The Carter administration has approved the sale of six heavy-lift Chinook military helicopters to Morocco despite a continuing dispute with the government of King Hassan II over the use of American-supplied military goods, U.S. officials said yesterday.
The decision is a one-time exception to the administration's policy of refusing to provide arms to Morocco as long as the Moroccans fail to pledge formally that they will not use the weapons in the guerrilla war in the Western Sahara, the officials said.
The decision was made last week after a six-month review that provoked a sharp diplomatic note from Morocco to the State Department that implicitly questioned the administration's willingness to live up to commitments to its main allies abroad, diplomatic sources confirmed this week.
According to one non-diplomatic source, Hassan personally ordered his embassy in Washington to write a strong letter to Secretary of State Cyrus Vance after being told of increasing deliveries of Soviet and other weapons to Libya and Algeria, Morocco's arch-rivals in northern Africa.
Hassan has been a key figure in Middle East peace efforts and is closely allied to Saudi Arabia's royal family. He has repeatedly offered to take on an expanded security role in Africa if asked, and supported, by the West.
The Moroccan letter, which U.S. officials said arrived after the decision was made on the Chinook sale, strongly suggested that recent U.S. actions abroad were causing Morocco and other states to rethink their own national security policies.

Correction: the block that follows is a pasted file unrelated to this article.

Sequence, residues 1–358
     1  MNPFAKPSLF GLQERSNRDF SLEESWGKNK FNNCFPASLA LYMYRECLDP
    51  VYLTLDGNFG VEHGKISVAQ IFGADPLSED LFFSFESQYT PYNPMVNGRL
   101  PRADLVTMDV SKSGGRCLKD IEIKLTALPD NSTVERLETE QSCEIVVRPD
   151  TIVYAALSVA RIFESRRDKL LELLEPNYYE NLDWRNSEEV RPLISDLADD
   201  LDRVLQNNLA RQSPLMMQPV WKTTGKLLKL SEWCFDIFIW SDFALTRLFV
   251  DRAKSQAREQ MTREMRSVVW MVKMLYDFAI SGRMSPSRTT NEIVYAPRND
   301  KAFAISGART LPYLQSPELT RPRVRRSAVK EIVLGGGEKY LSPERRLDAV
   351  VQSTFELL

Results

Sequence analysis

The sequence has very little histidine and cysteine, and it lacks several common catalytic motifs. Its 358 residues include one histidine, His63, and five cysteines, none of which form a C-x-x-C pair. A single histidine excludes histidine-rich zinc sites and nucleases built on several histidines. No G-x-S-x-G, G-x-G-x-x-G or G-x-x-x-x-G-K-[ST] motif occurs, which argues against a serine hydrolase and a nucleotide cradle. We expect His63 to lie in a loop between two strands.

Seeking "clarification" of U.S. foreign policy, the letter asserted that "reassurances can be best demonstrated to Morocco and other allies by a clear and consistent policy," according to one account, which could not be officially confirmed.
Hassan is known to have been shaken by what he sees as the failure of the administration to act decisively to save the shah of Iran and to prevent the spread of Soviet influence in Afghanistan, the Horn of Africa and elsewhere.
Shah Mohammad Reza Pahlavi is currently in the southern Moroccan city of Marrakech as Hassan's guest. Diplomatic sources report that the shah, embittered by what he also feels was a lack of U.S. support at cruical moments, has decided not to go to the United States for the time being and will stay instead in the Middle East.
The dispute over U.S. arms deliveries grows out of a still secret 1960 agreement with Morocco, and from Morocco's 1976 annexation of the northern part of the former Spanish Sahara colony.
Under the 1960 agreement, U.S. arms sold to Morocco can be used only for internal defense. The clause was reportedly intended by the United States to prevent Morocco from using U.S. weapons in an Arab-Israeli war.
Morocco considers the Sahara territory as part of Morocco, and adamantly refuses to promise not to use U.S. weapons in the Sahara in its continuing guerrilla war against the Polisario movement, which is backed by Algeria. The United Nations and the African Organization of Unity have not recognized the Moroccan claim of sovereignty.
As a result, the State Department for more than a year has refused export licenses for a $100 million arms package that includes reconnaisance aircraft and helicopter gunships.
The decision to allow an Italian manufacturer operating under a license from Boeing to ship six CH-47 helicopters to Morocco was made on the basis of "special circumstances," a U.S. official said, and "is not a precedent for any other sales."
The contract for the Chinooks, which were extensively used by U.S. forces in Vietnam to ferry heavy cargo, was signed in December 1977, before the administration had made a firm decision on holding up military deliveries that could be used in the Sahara, the official said.